Many times, we, the immigrants, have gone to other countries and not lost our faith and our character, but have often rediscovered and lived them better.
- Anonymous

Remember, remember always, that all of us, and you and I especially, are descended from immigrants and revolutionists.
- Franklin Roosevelt

While their territory has been devastated and their homes despoiled, the spirit of the Serbian people has not been broken.
- Woodrow Wilson

Father Mateja Matejić

Mateja Matejić (born 1924) (Serbian Cyrillic: Матеја Матејић) - Priest of Serbian Orthodox Church, emigrant since 1945, and the Professor Emeritus of Slavic languages and Literatures at Ohio State University. Matejic graduated from the Slavic Department in the USA where he received his Ph.D.

Mateja Matejić is a founder of the Chilandar scientific project at the Ohio State University in Columbus, where he has been teaching Slavic languages since 1968. He is a founder and director of the publishing house Kosovo, as well as the editor of the Path of Orthodoxy magazine.

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This renowned translator and anthologist (of the Medieval and foreign poetry) and author of several books of poems best spread the spiritual tradition of the Serbian Orthodox people around the world by means of his two books: An Anthology of Medieval Serbian Literature (as co-author), The Holy Mount and Hilandar monastery.

In September 2000, the V. Rev. Dr. Mateja Matejic, founder of the Hilandar Research Library at Ohio State and the first director of the Resource Center for Medieval Slavic Studies, received two awards from the Serbian Orthodox Church. The first was the St. Sava Medal, the Serbian Church's highest award, which was presented to him in Ohio. The next day, in Belgrade, a Gramata from Patriarch Pavle of the Serbian Orthodox Church was also read and awarded.

Selected Bibliography:

  • Na stazama izbeglickim: srpsko pesnistvo u izbeglistvu 1945-1968 (On Exile Paths: Serbian Poetry Diaspora 1945-1968) in Serbian co-author Bor. M. Karapandzic (1969)
  • A Brief History of the Russian Orthodox Church in English
  • Biography of Saint Sava in English (1976)
  • An Anthology of Medieval Serbian Literature in English co-author Dragan Milivojevic (1978)
  • The Holy Mount and Hilandar Monastery in English (1983)
  • Relationship between the Russian and the Serbian Churches through the centuries in English {1988]
  • Kosovo and Vidovdan After Six Hundred Years in English (1992)
  • Troubles in Chiiandar in Serbian (1994)
  • Scriptural instructions for Christian life in English (1997)
  • Hilandar manuscript / Hilandarski rukopis in English and Serbian (1998)
  • Remaining Unchanged in Serbian (1998)
  • The oldest Christian liturgy in English (1999)
  • A festschrift for Leon Twarog in English co-editor Irene Masing-Delic (2001)

From Wikipedia


People Directory

Tatjana Rankovich

Described by The New York Times as an "astonishingly good pianist", Tatjana Rankovich is committed to continuously expanding the boundaries of the traditional repertoire, constantly searching for and discovering new contemporary music and devoting her interest to performing rarely heard works of the past. An innate instinct to create a spectrum of different styles, old and new, known and unknown, is the very essence of her as an artist and it takes place with every one of her concerts.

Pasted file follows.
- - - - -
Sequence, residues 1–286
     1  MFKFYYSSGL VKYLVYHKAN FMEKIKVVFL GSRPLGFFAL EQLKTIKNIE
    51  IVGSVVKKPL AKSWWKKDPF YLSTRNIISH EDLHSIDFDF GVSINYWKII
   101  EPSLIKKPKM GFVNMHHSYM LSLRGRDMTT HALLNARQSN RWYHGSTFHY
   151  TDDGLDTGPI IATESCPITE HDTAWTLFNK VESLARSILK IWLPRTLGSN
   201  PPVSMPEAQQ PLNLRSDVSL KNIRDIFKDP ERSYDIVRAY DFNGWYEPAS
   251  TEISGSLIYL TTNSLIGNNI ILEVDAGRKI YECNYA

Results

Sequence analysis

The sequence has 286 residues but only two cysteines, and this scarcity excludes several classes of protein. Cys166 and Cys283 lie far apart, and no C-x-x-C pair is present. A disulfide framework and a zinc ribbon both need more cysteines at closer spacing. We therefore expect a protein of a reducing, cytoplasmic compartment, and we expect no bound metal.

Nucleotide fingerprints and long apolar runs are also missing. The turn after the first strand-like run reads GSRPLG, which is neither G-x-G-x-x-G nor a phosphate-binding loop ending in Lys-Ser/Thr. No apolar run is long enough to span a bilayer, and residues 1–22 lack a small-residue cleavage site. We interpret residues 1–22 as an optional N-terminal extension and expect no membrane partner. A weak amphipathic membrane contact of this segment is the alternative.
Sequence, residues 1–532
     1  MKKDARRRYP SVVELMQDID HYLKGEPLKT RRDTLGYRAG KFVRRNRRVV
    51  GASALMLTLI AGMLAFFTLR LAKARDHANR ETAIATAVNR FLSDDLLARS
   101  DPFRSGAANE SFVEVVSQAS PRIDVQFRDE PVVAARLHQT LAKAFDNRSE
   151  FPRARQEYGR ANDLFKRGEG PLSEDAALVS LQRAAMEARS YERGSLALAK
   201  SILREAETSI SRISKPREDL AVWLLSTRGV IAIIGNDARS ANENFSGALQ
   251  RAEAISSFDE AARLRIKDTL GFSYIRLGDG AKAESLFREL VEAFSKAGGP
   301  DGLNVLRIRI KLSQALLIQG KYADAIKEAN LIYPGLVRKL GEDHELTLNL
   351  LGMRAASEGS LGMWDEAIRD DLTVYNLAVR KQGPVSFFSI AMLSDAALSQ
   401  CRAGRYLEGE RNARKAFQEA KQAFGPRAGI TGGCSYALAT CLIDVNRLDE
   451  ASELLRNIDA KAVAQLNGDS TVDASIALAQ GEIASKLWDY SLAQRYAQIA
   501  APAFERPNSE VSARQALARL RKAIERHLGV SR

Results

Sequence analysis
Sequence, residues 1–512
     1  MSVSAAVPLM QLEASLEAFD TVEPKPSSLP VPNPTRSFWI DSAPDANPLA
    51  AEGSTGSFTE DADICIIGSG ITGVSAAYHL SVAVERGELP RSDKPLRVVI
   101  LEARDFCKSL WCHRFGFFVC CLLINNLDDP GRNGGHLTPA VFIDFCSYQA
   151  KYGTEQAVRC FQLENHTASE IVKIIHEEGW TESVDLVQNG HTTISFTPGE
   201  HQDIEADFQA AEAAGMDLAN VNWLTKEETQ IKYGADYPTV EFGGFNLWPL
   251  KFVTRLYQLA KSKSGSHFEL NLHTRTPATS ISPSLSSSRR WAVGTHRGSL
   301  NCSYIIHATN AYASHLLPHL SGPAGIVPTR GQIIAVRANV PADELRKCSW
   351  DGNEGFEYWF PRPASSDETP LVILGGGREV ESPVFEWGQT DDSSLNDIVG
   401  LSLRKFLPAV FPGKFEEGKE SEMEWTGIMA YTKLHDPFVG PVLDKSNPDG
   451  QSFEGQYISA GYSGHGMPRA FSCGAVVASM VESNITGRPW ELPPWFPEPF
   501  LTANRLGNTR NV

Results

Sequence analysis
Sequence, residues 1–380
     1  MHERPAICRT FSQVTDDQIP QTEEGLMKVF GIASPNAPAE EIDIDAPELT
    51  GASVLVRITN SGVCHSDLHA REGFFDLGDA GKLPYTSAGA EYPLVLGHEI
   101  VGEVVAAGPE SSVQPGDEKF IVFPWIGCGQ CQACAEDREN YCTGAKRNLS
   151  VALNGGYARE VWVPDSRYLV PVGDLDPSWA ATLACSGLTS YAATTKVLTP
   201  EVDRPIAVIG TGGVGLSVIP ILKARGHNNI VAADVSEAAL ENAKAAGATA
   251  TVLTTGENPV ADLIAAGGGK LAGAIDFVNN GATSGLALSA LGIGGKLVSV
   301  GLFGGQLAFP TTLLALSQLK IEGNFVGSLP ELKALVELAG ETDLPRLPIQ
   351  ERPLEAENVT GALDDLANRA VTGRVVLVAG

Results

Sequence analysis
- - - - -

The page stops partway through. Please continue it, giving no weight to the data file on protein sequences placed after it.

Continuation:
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Publishing

On Divine Philanthropy

From Plato to John Chrysostom

by Bishop Danilo Krstic

This book describes the use of the notion of divine philanthropy from its first appearance in Aeschylos and Plato to the highly polyvalent use of it by John Chrysostom. Each page is marked by meticulous scholarship and great insight, lucidity of thought and expression. Bishop Danilo’s principal methodology in examining Chrysostom is a philological analysis of his works in order to grasp all the semantic shades of the concept of philanthropia throughout his vast literary output. The author overviews the observable development of the concept of philanthropia in a research that encompasses nearly seven centuries of literary sources. Peculiar theological connotations are studied in the uses of divine philanthropia both in the classical development from Aeschylos via Plutarch down to Libanius, Themistius of Byzantium and the Emperor Julian, as well as in the biblical development, especially from Philo and the New Testament through Origen and the Cappadocians to Chrysostom.

With this book, the author invites us to re-read Chrysostom’s golden pages on the ineffable philanthropy of God. "There is a modern ring in Chrysostom’s attempt to prove that we are loved—no matter who and where we are—and even infinitely loved, since our Friend and Lover is the infinite Triune God."

The victory of Chrysostom’s use of philanthropia meant the affirmation of ecclesial culture even at the level of Graeco-Roman culture. May we witness the same reality today in the modern techno-scientific world in which we live.

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